Claim seeks $3.5M from Colorado for handling of abuse allegations into Joe Tumpkin

The woman who accused former Colorado assistant football coach Joe Tumpkin of domestic abuse claims the university did not properly address her allegations.

Peter R. Ginsberg, the attorney representing the woman, notified the university in a written claim May 17 that he believes it is liable for its role in the abuse the woman allegedly endured for nearly two years.

As part of the claim, which the university provided to ESPN, Ginsberg alleges that after university officials -- including head football coach Mike MacIntyre and athletic director Rick George -- became aware of the allegations of abuse in December, they did not properly address them.

In the claim, Ginsberg is seeking a minimum of about $3.5 million in compensation, which amounts to $5,000 per day over the near-two-year period of alleged abuse. Colorado law requires the notice to include the amount of monetary damages being requested.

Such a claim could pave the way to a lawsuit. Colorado law requires a notice before a lawsuit can be filed against a public entity.

Tumpkin was suspended and placed on administrative leave Jan. 6, when MacIntyre and George learned a judge issued a temporary restraining order against the assistant coach at the request of his ex-girlfriend, the school said. He resigned Jan. 27.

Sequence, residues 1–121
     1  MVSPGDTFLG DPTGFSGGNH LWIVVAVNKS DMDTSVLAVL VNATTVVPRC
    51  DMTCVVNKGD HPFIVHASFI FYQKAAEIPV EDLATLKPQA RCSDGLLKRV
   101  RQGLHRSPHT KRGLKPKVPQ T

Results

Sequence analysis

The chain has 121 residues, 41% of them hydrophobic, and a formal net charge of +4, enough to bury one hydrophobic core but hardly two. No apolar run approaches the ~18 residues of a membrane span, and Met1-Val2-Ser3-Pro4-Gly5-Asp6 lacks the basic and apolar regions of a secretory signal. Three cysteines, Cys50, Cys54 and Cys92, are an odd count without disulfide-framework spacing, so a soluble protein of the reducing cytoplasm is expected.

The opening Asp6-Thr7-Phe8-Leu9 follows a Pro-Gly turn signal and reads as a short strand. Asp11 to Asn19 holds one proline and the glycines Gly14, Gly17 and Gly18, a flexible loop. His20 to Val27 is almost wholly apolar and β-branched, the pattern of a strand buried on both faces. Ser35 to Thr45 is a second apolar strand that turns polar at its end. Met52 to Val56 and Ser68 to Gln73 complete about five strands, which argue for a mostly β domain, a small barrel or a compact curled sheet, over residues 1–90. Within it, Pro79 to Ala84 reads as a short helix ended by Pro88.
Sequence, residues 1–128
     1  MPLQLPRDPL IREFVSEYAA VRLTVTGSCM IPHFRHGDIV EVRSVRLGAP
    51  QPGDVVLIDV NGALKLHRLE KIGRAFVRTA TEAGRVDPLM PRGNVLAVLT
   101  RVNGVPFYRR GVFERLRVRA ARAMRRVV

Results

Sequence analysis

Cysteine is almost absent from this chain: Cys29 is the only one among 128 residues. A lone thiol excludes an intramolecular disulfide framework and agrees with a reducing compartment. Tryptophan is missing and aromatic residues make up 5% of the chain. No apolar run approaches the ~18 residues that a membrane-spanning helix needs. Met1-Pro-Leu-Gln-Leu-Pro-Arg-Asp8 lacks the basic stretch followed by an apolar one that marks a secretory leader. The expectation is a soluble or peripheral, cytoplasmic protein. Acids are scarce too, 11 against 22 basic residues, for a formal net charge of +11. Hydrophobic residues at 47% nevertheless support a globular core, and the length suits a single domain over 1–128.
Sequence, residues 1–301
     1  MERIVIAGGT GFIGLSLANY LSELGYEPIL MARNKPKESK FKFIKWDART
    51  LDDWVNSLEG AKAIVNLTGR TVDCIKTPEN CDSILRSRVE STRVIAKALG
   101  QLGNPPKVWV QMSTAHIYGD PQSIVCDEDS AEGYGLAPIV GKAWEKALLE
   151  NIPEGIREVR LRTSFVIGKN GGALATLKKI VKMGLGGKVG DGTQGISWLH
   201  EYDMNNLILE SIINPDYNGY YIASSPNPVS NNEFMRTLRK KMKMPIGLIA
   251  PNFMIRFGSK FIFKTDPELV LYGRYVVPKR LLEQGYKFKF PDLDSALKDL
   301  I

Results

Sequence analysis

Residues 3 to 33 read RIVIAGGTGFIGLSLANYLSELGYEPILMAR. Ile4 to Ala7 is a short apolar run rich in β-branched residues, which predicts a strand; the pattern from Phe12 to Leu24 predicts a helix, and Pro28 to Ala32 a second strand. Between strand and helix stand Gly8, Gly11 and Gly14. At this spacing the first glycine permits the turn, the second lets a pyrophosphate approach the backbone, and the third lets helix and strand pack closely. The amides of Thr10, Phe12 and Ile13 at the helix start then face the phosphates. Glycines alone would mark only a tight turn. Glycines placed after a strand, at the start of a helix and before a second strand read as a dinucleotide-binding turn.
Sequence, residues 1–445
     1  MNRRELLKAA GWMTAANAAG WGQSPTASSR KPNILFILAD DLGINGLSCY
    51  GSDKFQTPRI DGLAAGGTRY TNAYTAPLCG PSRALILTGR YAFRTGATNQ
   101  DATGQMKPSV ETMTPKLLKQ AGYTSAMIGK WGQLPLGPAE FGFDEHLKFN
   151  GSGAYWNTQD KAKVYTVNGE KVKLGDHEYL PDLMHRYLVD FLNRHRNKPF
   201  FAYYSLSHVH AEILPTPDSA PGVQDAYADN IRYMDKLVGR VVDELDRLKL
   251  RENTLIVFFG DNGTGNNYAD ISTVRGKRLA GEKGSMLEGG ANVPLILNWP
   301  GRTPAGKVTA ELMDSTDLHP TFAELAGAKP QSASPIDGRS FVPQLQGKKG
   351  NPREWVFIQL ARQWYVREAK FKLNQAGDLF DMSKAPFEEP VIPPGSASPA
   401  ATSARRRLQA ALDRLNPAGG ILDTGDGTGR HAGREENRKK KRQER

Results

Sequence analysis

Tumpkin was charged with five felony counts of second-degree assault and three misdemeanor counts of third-degree assault in a domestic violence case, the district attorney for Adams and Broomfield counties in Colorado announced Jan. 31. A preliminary hearing to help determine if the case will proceed is scheduled for June 22, according to a spokeswoman for the 17th Judicial District Attorney's Office.

In February, the university hired two lawyers from Philadelphia-based firm Cozen O'Connor to investigate how the university responded to the woman's allegations. While that investigation is complete, the report will not be made available to the public, according to Colorado spokesman Ken McConnellogue. The university's board of regents has given president Bruce Benson the authority to handle the investigation's determinations.

A public report that outlines Cozen O'Connor's findings is expected to be made available before June 15, when the board of regents will meet next. At that meeting, the board is expected to vote on approval for the five-year, $16.25 million contract extension MacIntyre agreed to in January.

Tumpkin served as Colorado's safeties coach the past two seasons. After defensive coordinator Jim Leavitt left to take the same position at Oregon following the regular season, Tumpkin assumed that role in the Buffaloes' 38-8 loss to Oklahoma State in the Valero Alamo Bowl.